HC Deb 19 May 1952 vol 501 cc173-5

Motion made, and Question proposed, "That the Clause stand part of the Bill."

Mr. E. Fletcher

This Clause is so important that even at this late hour we ought to devote a moment or two to it before we pass on. In terms, it follows precisely the recommendations in paragraph 241 of the Millard Tucker Report, but I think it is a great pity that the Chancellor of the Exchequer could not find it possible to go further than the precise terms of the recommendations of that report, because it is obvious from what the Committee said that they would liked to have gone further.

This Clause is an attempt to deal with a real problem, namely the problem which confronts mining concerns abroad in making contributions to the public services of the countries in which their activities are engaged. I think it is relevant to remind the Committee of what the Millard Tucker Committee said about this. They said: It was represented to us that companies operating abroad in undeveloped countries are often called upon to make large contributions towards the establishment or development of local public services, and that tax relief ought to be given in respect of such expenditure. We have much sympathy with this view; I am sure the Committee has great sympathy with that view as well, and I hope the Chancellor will have. They go on to say: … there is, however, the danger that any general provision drafted to give relief would be far wider than was intended and might apply where the contribution was made from munificence rather than for business reasons. But is "munificence" the right word? Is that an appropriate word to use in the case of trading companies, mining companies, oil companies and others operating in backward undeveloped countries, who, as hon. Members know, from time to time are not merely invited but are expected and required to make contributions of all kinds to the public services in those backward undeveloped countries? It might be a contribution towards a water supply or drainage. It might be the provision of hospital or educational facilities; frequently it is a contribution for relief of famine and so forth. Those contributions are not made for reasons of munificence.

Hon. Members opposite have referred to the loss of Abadan. Have we not something to learn from recent experiences in Abadan about the duties of companies which are operating in backward undeveloped places? Ought not the Chancellor to see that it is made possible for companies to have appropriate taxation relief where contributions of that kind are made?

This Clause as it stands is limited to contributions to works and services or facilities wholly or mainly for the welfare of persons employed"— with the company— or their dependants;". Those words are very limiting and, I should have thought, very unsatisfactory. Although no Amendment is down on the Order Paper—there may be one on the Report stage—I earnestly hope that in view of the wide social implications of the subject the Chancellor will consider this matter between this stage and a later stage of the Bill.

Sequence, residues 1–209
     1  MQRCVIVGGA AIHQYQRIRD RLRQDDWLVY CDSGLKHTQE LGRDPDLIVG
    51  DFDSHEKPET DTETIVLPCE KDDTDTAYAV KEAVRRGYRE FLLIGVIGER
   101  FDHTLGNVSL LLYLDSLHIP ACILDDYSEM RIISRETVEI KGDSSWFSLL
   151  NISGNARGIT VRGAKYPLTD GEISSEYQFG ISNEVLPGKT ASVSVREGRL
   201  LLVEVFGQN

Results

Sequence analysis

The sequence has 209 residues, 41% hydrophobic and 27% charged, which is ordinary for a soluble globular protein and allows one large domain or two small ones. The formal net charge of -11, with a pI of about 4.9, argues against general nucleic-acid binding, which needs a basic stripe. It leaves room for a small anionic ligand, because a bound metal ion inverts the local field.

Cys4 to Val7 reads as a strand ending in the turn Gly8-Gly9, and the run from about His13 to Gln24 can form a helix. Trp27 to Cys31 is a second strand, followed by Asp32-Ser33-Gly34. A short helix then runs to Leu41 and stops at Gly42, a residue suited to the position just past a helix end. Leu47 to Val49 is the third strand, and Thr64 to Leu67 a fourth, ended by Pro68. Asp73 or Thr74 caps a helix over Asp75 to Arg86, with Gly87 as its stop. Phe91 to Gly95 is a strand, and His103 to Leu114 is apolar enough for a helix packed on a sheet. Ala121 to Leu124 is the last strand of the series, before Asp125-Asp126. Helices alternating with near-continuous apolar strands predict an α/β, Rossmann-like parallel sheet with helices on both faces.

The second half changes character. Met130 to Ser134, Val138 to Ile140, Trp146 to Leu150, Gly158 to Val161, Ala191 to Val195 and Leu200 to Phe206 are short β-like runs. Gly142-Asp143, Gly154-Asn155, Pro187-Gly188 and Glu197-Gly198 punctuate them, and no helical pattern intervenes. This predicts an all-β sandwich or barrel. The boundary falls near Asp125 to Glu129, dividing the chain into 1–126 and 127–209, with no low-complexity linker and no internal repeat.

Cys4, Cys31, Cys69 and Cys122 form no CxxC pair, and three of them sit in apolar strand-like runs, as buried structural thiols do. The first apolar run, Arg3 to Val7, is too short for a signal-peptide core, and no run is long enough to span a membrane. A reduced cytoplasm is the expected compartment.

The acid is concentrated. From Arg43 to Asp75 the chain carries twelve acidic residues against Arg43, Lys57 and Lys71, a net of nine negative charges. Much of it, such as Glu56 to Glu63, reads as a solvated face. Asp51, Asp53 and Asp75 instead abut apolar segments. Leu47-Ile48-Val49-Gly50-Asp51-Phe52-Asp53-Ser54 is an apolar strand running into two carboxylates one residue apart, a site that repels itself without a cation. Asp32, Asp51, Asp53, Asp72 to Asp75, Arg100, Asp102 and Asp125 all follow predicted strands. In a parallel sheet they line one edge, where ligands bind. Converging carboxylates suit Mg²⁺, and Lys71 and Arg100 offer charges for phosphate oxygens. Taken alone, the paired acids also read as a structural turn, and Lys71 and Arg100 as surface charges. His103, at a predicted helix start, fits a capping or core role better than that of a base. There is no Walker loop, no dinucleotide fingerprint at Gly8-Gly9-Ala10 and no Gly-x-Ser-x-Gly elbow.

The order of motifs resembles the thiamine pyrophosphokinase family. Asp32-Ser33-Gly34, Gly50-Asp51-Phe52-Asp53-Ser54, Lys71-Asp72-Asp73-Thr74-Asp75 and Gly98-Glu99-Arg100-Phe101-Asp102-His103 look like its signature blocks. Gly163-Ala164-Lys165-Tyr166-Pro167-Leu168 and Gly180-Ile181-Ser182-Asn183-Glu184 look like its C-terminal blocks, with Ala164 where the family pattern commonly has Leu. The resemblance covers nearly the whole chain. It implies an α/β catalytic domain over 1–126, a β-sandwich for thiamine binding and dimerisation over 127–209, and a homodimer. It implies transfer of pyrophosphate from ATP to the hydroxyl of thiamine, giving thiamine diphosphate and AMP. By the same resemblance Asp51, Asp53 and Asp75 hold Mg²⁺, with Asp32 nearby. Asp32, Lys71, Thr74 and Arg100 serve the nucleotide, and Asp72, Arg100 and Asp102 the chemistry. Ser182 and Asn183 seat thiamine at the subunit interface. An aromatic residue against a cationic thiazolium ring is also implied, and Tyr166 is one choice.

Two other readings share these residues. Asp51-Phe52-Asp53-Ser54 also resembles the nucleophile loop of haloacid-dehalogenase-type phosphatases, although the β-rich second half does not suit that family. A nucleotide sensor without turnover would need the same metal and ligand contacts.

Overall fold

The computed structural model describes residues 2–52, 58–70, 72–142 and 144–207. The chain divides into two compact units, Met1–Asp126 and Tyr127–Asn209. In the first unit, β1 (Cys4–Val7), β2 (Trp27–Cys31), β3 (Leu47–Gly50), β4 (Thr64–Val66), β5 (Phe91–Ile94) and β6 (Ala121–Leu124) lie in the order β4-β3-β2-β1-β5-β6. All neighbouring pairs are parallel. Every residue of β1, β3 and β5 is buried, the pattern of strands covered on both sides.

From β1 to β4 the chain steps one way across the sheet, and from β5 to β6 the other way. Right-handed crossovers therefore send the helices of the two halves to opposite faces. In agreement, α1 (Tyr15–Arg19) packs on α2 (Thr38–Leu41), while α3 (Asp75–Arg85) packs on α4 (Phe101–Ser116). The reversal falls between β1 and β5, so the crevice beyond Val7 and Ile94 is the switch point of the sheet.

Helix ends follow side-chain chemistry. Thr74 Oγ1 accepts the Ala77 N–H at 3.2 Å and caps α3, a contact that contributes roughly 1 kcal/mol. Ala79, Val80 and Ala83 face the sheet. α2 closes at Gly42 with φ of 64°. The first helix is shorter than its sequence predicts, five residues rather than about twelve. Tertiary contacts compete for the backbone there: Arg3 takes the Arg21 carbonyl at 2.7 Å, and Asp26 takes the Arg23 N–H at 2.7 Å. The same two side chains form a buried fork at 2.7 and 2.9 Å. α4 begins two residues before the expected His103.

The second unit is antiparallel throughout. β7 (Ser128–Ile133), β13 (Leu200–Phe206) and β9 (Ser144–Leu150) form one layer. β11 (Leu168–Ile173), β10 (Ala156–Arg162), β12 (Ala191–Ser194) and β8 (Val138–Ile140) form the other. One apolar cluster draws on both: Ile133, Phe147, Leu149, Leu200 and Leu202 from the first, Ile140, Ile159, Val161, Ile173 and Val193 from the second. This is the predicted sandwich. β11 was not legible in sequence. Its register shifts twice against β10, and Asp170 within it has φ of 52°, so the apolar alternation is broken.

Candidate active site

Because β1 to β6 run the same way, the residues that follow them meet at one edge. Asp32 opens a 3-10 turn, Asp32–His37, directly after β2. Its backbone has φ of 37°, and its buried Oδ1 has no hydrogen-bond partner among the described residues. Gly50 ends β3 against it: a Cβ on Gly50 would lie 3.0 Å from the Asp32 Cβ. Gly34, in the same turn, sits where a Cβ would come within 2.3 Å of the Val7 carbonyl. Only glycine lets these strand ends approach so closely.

The Solicitor-General

The objects of the Clause are again in line with the recommendations of the Millard Tucker Committee, but in two respects there has been a departure from those recommendations and it might be convenient to mention those briefly. The Tucker Committee recommended that in relation to expenditure of this character, there should be relief by way of widening Section 66 (3) of the 1945 Act, whereas the Bill provides that allowances on the basis of a 10-year spread will be allowed.

That will be much simpler and more favourable to the taxpayer in that 10 per cent. can be written off each year instead of normally 2 per cent. on which the allowances are made in respect of industrial buildings. That is one respect in which the Clause is more favourable than the Millard Tucker Report. The other respect in which it is more favourable is that it extends to contributions made in respect of houses built by other persons for persons employed at or in connection with the working. In those respects it goes beyond the Millard Tucker Report and in other respects it follows the recommendations.

10.30 p.m.

Mr. E. Fletcher

Will the hon. and learned Gentleman agree that there is nothing in the Report which proposes to limit contributions to service wholly or mainly to buildings occupied or to be occupied by persons so employed;"?

Clause ordered to stand part of the Bill.

Clause 20 ordered to stand part of the Bill.